This is Andrei Tarkovsky’s description of the filming process. We don’t have many Tarkovskys and this is a sad situation. I cannot bring myself to watch ‘popular’ films for they are, as a rule, complete rubbish. I think the top two film-makers of all time are Kubrick and Tarkovsky. There’s no choosing between the two. Both really define the word genius.
We can say that Tarkovsky worked under much more difficult circumstances being in the Soviet Union. Ingmar Bergman said Tarkovsky was without a doubt the greatest director of all time. Not only was this man sublimely talented, but he was also a deep thinker and had a great moral sense. Tarkovsky was steeped in Eastern religion which he considered far superior to any Western belief system.
‘The East was closer to the truth than the West; but Western civilisation devoured the East with its materialist demands on life…
…(People in) the West are forever shouting: This is me! Look at me! Listen to me suffering, loving! How unhappy I am! How happy!
I! Mine! Me!
In the Eastern tradition they never utter a word about themselves.’
This is true, what Tarkovsky says and it is a sickening spectacle. Just take a look at any newspaper or TV show. Me! Me! Me! Along with this even in the private realm it is almost impossible in regular conversation to find someone who can speak about anything other than themselves.
William Burroughs once said that he tried once a month to go for one week without ever using the word ‘I.’ An impossible feat for most fools.
Tarkovsky was disgusted too with the greed he saw in the world:
‘Personal relationships are all too often based on the urge to grab as much as possible from the next person as we jealously protect our own interests. The paradox of such a situation is that the more we humiliate our fellow-men, the less satisfied we feel and the greater our isolation becomes.’
‘We live in a world,’ Tarkovsky says, ‘governed by ideas other people have evolved, and we either have to conform to the standards of these ideas or else alienate ourselves from them and contradict them — a position which becomes more and more hopeless.’
Tarkovsky was born in a town on the Volga river in 1932. He graduated from the Soviet State Film School producing his first movie then, The Steamroller and the Violin. He directed five films in the Soviet Union and later travelled to Italy and Sweden where he considered defecting, but gave up the idea because of his wife and child who were still in the Soviet Union.
He seemed to care nothing for the standard idea, widespread today, that a director should give people what they want. It is show business, and so numbers of people are everything, money everything. Since most people can only understand clichés and worn out, simplistic narratives those are the films we get. And they are bad, terrible even. But this is what the mob likes. He described film-making as sculpting in time.
Tarkovsky didn’t care what people liked, but made the films that he wanted to, films that explore metaphysical and spiritual themes. Most people won’t like his work because you’re called on to think, and this is anathema to most. His dialogue is second to none and his films are marked by astonishing imagery and haunting soundtracks.
In my view Stalker is his best film.
Tarkovsky always considered himself a poet rather than just a cinematographer. And all poets have a bit of the prophet in them. He believed that true artists seek to destabilize societies for the sake of getting closer to the ideal, absolute truth.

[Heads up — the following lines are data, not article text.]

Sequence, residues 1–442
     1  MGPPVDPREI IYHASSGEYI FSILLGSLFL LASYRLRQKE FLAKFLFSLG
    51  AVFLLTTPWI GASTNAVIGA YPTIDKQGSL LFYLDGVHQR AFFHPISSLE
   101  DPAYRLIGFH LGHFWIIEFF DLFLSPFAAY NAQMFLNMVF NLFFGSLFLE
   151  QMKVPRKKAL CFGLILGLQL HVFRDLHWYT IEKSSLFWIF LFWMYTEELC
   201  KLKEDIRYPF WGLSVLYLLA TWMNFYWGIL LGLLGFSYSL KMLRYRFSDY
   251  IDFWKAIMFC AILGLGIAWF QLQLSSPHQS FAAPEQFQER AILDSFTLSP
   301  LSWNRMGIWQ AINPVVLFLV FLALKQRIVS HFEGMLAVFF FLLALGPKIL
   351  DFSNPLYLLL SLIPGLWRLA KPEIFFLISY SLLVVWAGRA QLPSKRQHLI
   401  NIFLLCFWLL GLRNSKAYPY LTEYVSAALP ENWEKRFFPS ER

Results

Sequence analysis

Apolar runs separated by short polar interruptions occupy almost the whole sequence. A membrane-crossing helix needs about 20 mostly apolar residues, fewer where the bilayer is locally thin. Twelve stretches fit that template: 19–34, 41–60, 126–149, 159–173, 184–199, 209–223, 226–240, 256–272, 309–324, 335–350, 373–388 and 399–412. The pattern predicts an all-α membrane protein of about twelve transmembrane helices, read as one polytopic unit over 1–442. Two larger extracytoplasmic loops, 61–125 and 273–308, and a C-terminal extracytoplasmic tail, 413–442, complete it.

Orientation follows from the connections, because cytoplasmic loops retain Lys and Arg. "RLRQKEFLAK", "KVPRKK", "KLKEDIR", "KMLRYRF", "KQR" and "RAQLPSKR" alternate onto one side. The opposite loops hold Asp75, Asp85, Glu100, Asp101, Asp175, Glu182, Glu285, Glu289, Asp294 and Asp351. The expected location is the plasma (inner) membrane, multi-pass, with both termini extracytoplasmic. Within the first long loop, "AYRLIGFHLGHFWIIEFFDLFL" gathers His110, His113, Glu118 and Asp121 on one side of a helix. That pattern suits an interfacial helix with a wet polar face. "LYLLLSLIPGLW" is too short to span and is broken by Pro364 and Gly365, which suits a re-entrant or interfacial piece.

‘What I have to do is tell people the truth about our common existence as it appears to me in the light of my experience and understanding. That truth hardly promises to be easy or pleasant.’
This is probably why his work turns off many people. I doubt most can understand him and those that do won’t usually like the message. What most people seek in films and books is not truth, but a re-telling of themes they are familiar with and that reinforce their limited world-view. When have you last seen a popular film that ends badly? It’s inconceivable. People want to leave the cinema feeling good. Tarkovsky didn’t bother himself about this.
Tarkovsky said that eighty per cent of movie-goers have gotten it into their heads that directors exist only to entertain them. And he said most directors give them what they want because they are dependent on the money from ticket sales. A grim situation, he said.
‘If you try to please audiences, uncritically accepting their tastes, it can only mean that you have no respect for them: that you simply want to collect their money.’
He describes most young film students as prepared to do whatever pays best, something he refers to as a complete tragedy and that true creativity can only come once one starts to bend or even break the rules. Popular films he described as nothing more than ‘commercial trash.’ He says that nothing can be achieved in art unless you dump received ideas.
Tarkovsky loved long takes, and here I think he’s pulled off what is arguably the greatest single shot in all cinematic history:
Tarkovsky was dead against the idea of changing things to satisfy audiences. He said an artist must stick to his vision even though before he starts work he understands that what he will do will have no mass appeal, and he quotes the Russian writer Pushkin on this point:
‘You are a king. Live alone. Take a free road
And follow where your free mind leads you,
Bring to perfection the fruits of well-loved thoughts
Ask no reward for noble deeds accomplished.
Rewards are within you. Your supreme judge is yourself.
None will ever judge your work more sternly.
Discriminating artist, does it please you?’
That’s the best advice I’ve seen for any artist.
Tarkovsky died too young. He was only 54. He’s buried in Paris. On his gravestone are these words:
‘To the man who saw the Angel.’
photo credit: Wikipedia Commons